On 28 April 1598, Juan Bautista, slave of Regidor Cristóbal Jiménez, denounced himself to the commissary of the Inquisition in Puebla, Bartolomé Márquez de Amarilla.1 In his testimony, Juan recounted the events of the previous day: Around 4 PM, his master harshly beat him in the stable of his textile workshop (obraje) because Juan had not finished the work he had been assigned. Unhappy with his slave’s pace, the master applied hot pitch to Juan’s wounds and continued to beat him while two other men firmly held Juan down. In an attempt to appease Jiménez, Bautista begged him to stop “for the sake of the love of God and Holy Mary.” His torturer replied, “I beat you for the sake of God and Holy Mary!” and forced a firebrand into his mouth. Seeing himself so afflicted, Juan shouted, “I renounce...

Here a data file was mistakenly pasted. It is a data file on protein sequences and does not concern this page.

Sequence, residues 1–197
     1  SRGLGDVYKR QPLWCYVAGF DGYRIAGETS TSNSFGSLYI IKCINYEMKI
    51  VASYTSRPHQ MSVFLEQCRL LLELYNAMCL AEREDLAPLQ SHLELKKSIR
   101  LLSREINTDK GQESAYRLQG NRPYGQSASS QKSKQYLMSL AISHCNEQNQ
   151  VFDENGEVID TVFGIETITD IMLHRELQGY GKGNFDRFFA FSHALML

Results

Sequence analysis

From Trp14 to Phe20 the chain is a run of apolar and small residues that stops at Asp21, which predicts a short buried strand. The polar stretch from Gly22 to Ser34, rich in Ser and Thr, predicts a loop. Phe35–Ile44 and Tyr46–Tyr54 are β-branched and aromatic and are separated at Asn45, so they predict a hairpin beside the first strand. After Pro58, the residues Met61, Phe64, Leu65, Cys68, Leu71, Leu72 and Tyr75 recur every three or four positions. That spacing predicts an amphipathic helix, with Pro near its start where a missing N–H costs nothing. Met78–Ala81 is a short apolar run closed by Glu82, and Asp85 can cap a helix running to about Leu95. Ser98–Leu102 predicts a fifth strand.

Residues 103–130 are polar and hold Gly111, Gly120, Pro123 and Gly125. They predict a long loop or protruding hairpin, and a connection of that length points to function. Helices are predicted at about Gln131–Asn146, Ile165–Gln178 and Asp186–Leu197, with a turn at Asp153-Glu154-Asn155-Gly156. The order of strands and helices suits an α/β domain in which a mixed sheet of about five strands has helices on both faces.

Research Article| August 01 2002
Javier Villa-Flores; “To Lose One’s Soul”: Blasphemy and Slavery in New Spain, 1596-1669. Hispanic American Historical Review 1 August 2002; 82 (3): 435–468. doi: https://doi.org/10.1215/00182168-82-3-435
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